- Is your dog fully trained?
When you start training it is normal to use lures, ie put a treat in front of his nose, raise it above his head, he follows and what do you know, he’s sitting! This is a great way to START training your dog, but only in the early phases.
If you always offer a treat up front, then the dog will only listen when there is food in front of his nose. This is why it’s necessary to take the training to the next stage, and work on commands without the lures, but use treats and more verbal reinforcement for when he performs the right behavior. Think rewards, not bribes!
- Are you speaking “dog”?
it’s not that he’s an Italian Greyhound who doesn’t speak English! Dogs are very tuned into body language. For example our posture, movement, eye contact before you even start talking.
So it would not be surprising if he became confused with a verbal command, particularly when he is being bombarded. Even when a command is familiar, he may associate it with a non-verbal cue you give at the same time, which you may not even be aware of. Small changes in your body language can impact your ability to communicate with your dog. Keeping body language consistent with verbal commands is important too.
- Is your timing right?
Timing is very important for a dog to understand what they are being rewarded (or punished) for. Focus should always be on rewards, but you only have a few seconds after their behaviour before all meaning is lost to them. Experts have determined that dogs respond best to positive reinforcement training. if you punish a dog for chewing up the couch when you get home, he will have no idea what you are punishing him for. You need to catch him in the act! Same goes for rewards.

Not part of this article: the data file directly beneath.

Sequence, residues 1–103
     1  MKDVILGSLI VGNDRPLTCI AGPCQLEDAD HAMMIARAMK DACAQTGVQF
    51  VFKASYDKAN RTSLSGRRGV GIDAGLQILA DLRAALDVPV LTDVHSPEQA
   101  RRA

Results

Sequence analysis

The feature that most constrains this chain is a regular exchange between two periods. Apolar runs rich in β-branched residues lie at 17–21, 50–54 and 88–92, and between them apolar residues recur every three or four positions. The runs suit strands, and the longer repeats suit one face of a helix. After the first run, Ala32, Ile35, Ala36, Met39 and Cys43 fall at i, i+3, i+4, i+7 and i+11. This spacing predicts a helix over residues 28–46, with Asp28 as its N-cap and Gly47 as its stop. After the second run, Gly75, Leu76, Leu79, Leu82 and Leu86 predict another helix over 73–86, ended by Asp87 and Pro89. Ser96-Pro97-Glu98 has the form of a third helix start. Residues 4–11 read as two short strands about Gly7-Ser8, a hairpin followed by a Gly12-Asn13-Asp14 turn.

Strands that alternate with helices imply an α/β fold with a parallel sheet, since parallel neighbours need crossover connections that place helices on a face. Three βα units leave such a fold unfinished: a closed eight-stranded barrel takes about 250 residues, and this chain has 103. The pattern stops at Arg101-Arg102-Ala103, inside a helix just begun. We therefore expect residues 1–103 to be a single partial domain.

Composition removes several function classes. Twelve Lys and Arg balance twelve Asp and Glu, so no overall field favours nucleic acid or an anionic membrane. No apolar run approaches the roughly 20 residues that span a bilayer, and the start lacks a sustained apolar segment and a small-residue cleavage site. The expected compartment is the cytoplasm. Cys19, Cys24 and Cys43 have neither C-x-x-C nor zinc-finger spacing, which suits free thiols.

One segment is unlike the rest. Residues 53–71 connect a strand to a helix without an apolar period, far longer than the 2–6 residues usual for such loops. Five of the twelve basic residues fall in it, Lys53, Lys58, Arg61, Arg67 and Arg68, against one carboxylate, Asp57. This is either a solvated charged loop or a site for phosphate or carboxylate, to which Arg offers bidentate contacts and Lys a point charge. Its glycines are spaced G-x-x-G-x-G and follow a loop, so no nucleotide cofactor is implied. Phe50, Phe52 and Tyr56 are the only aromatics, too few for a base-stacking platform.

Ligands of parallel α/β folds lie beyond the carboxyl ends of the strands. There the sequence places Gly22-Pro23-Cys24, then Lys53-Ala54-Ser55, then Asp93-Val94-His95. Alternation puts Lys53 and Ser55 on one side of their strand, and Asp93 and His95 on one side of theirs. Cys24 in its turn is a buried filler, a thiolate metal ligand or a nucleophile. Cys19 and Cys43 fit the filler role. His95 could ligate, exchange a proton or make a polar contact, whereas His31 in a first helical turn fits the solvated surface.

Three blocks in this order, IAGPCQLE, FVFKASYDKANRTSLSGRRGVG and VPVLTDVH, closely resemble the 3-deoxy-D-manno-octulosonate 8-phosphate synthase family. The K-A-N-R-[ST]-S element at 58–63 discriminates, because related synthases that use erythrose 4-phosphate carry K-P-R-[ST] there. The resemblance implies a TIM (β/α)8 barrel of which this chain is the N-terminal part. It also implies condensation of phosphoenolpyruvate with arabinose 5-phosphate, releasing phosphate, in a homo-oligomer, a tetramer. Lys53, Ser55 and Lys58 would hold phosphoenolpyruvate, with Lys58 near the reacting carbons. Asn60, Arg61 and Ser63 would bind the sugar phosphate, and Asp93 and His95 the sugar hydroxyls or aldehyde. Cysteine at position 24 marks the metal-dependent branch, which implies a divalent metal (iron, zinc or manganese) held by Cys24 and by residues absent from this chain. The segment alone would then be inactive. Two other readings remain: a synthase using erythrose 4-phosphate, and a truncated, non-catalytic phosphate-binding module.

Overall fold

Bottom line is that working with your dog is simply part of responsible pet ownership and punishing your dog for not obeying is like punishing your two-year-old for not understanding a foreign language. Using positive reinforcement, proofing (practice in many situations) and clear, consistent instructions you will build a strong bond with your dog. Your dog will learn to respect, love and trust you, and you can expect many years of a beautiful pleasurable relationship with your fur pal!
Of course, if all else fails get yourself a good book to help with training tips, or have a chat with your vet, or employ the services of a specialist animal trainer or behaviorist. Your vet will be able to give you local recommendations.
This article has been provided by Liz Walden. Liz has a passion for all things cat and dog, and 11 years ago, was one of the first in Australia to bring Pet Insurance to the market. She has headed up Petsecure for the past 11 years, and is committed to promoting and supporting responsible pet ownership and the amazing work done by rescue groups around Australia, who work to promote a better life for all animals.